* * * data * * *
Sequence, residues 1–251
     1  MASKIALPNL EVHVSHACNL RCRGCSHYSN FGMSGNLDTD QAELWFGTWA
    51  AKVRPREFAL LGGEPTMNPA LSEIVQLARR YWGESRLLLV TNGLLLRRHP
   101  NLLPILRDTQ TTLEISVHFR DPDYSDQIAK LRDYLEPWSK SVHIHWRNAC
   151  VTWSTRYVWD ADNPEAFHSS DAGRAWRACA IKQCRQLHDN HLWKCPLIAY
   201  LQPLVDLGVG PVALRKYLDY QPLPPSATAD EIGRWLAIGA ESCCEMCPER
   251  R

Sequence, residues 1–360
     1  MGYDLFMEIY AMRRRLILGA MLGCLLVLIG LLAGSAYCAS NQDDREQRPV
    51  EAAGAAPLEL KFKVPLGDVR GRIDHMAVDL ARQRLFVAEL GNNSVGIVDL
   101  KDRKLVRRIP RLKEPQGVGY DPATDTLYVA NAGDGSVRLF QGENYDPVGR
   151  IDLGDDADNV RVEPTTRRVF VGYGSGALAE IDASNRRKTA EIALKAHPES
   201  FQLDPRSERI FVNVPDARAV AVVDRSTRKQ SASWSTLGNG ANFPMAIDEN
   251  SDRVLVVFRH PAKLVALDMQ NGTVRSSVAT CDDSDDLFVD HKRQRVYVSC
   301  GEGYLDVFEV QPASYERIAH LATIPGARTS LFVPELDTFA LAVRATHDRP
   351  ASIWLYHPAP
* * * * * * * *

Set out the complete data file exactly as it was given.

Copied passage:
Sequence, residues 1–251
     1  MASKIALPNL EVHVSHACNL RCRGCSHYSN FGMSGNLDTD QAELWFGTWA
    51  AKVRPREFAL LGGEPTMNPA LSEIVQLARR YWGESRLLLV TNGLLLRRHP
   101  NLLPILRDTQ TTLEISVHFR DPDYSDQIAK LRDYLEPWSK SVHIHWRNAC
   151  VTWSTRYVWD ADNPEAFHSS DAGRAWRACA IKQCRQLHDN HLWKCPLIAY
   201  LQPLVDLGVG PVALRKYLDY QPLPPSATAD EIGRWLAIGA ESCCEMCPER
   251  R

Sequence, residues 1–360
     1  MGYDLFMEIY AMRRRLILGA MLGCLLVLIG LLAGSAYCAS NQDDREQRPV
    51  EAAGAAPLEL KFKVPLGDVR GRIDHMAVDL ARQRLFVAEL GNNSVGIVDL
   101  KDRKLVRRIP RLKEPQGVGY DPATDTLYVA NAGDGSVRLF QGENYDPVGR
   151  IDLGDDADNV RVEPTTRRVF VGYGSGALAE IDASNRRKTA EIALKAHPES
   201  FQLDPRSERI FVNVPDARAV AVVDRSTRKQ SASWSTLGNG ANFPMAIDEN
   251  SDRVLVVFRH PAKLVALDMQ NGTVRSSVAT CDDSDDLFVD HKRQRVYVSC
   301  GEGYLDVFEV QPASYERIAH LATIPGARTS LFVPELDTFA LAVRATHDRP
   351  ASIWLYHPAP